The accelerated change began in early 2008 with the collapse of Bear Stearns and negotiated merger with JP Morgan Chase. Since then we saw the largest investment banking failure (Lehman Brothers), and the largest banking failure in history (Washington Mutual). Other mergers included the marriage of Merrill Lynch and Bank of America, the combination of Wachovia into Wells Fargo, and most recently the blending of Smith Barney into Morgan Stanley. These changes don’t even take into account the disruption caused by the government control of Fannie Mae, Freddie Mac, and AIG.

So what does all this change mean for consumers and investors?

1)     Rise in Customer Complaints: Change is not always a good thing. Customer complaints rose 54% in 2008, and climbed 86% in the first three months of 2009 according to FINRA (Financial Industry Regulatory Authority), a nongovernmental regulator of securities companies. The main complaint is “breach of fiduciary duty,” which requires the advisor to act in the best interest of the client. Making the complaint stick can be difficult if the broker only must fulfill a “suitability” standard. To combat the suitability limitation, investors would be well served by investigating an independent Registered Investment Adviser (RIA) who has a fiduciary duty towards clients.

2)     Less Competition = Higher Prices: The surviving financial institutions are now in a stronger position with the power to raise prices. Pricing can surface in various forms, including higher brokerage commissions, administrative fees, management fees, ATM fees, late fees, 12b-1 fees and more. 

3)     Customer Service Weakens: The profit pool has shrunk as lending has slowed and the real estate gravy train has come to a screeching halt. By cutting expenses in non-revenue generating areas, such as customer service, the financial institutions are having a difficult time servicing all their client questions and concerns. There is still fierce competition for lucrative accounts, but if you are lower on the totem pole, don’t expect extravagant service.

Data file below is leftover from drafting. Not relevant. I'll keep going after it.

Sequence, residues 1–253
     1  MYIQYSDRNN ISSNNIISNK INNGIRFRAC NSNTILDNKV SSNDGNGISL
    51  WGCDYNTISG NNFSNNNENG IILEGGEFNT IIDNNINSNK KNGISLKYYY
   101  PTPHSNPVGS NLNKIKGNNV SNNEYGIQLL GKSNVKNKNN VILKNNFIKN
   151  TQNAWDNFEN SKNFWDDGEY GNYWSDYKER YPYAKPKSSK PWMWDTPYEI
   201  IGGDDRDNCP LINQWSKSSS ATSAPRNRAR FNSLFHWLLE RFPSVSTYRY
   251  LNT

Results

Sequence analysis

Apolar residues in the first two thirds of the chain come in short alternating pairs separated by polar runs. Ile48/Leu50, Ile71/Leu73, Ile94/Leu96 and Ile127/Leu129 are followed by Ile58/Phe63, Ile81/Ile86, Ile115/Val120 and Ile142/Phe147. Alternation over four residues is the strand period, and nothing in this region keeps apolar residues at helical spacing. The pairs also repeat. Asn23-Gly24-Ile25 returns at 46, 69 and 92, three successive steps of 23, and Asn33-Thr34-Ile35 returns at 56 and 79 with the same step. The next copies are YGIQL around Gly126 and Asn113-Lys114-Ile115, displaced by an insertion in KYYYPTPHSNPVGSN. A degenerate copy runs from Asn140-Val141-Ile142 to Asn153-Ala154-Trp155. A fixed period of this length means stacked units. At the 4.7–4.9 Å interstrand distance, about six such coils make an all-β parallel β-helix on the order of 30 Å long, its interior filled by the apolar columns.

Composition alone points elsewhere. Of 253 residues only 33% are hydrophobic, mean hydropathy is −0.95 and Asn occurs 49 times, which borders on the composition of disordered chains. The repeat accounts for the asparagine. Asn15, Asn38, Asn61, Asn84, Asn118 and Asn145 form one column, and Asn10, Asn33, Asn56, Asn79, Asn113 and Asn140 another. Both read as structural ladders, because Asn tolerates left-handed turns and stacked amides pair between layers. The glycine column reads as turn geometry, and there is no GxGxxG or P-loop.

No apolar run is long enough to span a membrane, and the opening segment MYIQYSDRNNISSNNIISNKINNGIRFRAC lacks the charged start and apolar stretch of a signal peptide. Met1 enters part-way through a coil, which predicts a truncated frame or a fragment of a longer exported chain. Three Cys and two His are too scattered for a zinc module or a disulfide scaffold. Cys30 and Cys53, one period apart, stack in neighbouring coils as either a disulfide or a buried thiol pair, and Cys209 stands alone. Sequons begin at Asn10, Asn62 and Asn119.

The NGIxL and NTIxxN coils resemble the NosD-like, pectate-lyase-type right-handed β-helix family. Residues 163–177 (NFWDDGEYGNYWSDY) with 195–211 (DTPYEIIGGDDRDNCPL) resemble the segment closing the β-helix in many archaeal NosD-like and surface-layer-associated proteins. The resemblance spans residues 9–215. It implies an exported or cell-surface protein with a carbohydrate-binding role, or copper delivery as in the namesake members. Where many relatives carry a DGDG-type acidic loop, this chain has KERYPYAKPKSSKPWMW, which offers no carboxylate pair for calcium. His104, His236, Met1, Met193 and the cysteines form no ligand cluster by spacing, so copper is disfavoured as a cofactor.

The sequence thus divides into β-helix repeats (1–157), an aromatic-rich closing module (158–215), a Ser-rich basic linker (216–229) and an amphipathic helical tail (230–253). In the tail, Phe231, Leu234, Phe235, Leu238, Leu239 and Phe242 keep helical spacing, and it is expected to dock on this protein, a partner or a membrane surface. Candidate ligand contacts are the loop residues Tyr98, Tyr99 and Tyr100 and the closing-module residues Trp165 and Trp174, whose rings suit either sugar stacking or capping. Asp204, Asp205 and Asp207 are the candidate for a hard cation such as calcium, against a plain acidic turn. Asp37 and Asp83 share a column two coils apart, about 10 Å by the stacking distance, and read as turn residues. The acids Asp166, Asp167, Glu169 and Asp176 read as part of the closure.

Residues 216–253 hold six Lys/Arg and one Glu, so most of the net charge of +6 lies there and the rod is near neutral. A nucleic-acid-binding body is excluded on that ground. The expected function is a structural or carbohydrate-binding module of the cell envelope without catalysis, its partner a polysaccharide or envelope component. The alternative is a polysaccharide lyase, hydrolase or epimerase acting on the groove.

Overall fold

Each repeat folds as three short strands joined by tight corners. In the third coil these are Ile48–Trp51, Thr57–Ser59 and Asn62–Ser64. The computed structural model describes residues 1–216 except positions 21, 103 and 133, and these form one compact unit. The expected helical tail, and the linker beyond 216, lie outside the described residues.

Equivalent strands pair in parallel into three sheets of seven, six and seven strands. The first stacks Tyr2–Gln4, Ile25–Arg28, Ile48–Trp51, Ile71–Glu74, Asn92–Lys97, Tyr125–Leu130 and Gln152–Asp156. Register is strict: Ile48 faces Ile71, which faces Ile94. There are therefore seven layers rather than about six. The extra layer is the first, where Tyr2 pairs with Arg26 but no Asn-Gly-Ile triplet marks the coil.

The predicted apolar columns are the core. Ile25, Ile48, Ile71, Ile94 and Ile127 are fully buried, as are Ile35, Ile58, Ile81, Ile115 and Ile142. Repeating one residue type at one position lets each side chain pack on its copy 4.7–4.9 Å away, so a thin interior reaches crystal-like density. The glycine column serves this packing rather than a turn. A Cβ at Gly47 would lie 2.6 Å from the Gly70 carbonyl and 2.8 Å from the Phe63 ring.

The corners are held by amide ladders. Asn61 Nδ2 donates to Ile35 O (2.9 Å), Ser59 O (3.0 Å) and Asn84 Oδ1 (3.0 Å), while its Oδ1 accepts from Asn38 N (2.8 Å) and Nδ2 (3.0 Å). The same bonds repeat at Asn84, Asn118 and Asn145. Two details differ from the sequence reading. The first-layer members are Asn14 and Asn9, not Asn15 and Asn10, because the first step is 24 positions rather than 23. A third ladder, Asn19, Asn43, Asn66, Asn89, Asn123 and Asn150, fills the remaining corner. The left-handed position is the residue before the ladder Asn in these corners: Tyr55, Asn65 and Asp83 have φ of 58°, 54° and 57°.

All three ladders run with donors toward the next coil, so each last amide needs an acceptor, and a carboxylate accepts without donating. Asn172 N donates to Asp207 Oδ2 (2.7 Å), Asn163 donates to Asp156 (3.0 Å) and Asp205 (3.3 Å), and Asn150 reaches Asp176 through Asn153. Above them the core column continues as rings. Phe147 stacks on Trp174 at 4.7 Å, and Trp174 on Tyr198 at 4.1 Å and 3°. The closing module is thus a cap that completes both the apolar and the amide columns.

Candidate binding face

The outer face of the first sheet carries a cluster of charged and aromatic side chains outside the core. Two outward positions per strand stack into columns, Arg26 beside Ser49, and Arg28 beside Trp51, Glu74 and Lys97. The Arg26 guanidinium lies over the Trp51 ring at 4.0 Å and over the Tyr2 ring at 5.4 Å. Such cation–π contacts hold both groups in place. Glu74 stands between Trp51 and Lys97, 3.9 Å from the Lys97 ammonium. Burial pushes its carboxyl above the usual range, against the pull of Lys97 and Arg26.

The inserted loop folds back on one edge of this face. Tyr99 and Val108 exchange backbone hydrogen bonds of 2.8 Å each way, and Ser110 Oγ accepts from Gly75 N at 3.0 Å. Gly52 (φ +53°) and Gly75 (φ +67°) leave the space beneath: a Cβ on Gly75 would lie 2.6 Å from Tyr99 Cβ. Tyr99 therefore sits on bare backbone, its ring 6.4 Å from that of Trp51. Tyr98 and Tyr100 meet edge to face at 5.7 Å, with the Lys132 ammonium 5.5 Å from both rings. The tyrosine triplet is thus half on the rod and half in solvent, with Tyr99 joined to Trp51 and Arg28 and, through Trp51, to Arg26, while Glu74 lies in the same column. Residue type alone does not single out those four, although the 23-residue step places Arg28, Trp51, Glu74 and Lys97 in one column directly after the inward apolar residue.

4)     Increased Regulation: Consumer pain experienced in the financial crisis will likely lead to heightened regulation. For example, the Obama administration is proposing a consumer protection agency, but it may be years before tangible benefits will be felt by consumers. Financial institutions are doing their best to remove themselves from direct oversight by paying back government loans. In the area of financial planning, proposals have been brought to Congress to raise standards and requirements, given the limited licensing requirements. Time will tell, but changes are coming.

Investing in a Post-Merger Financial World: Take control of your financial future by getting answers from your advisor and financial institution. Get a complete list of fees. Find out if they are an independent RIA with a “fiduciary duty” to act in the client’s best interest. Research the background of the advisor through FINRA’s BrokerCheck site (www.finra.org) and the SEC’s Investment Adviser Public Disclosure Web site (www.sec.gov). Get referrals and shop around for the service you deserve. Survival in a post-merger world is difficult, but with the right plan you can be successful.

For disclosure purposes, Sidoxia Capital Management, LLC is an independent Registered Investment Advisor in California.

Wade W. Slome, CFA, CFP®

Plan. Invest. Prosper.

August 7, 2009 at 4:00 am Leave a comment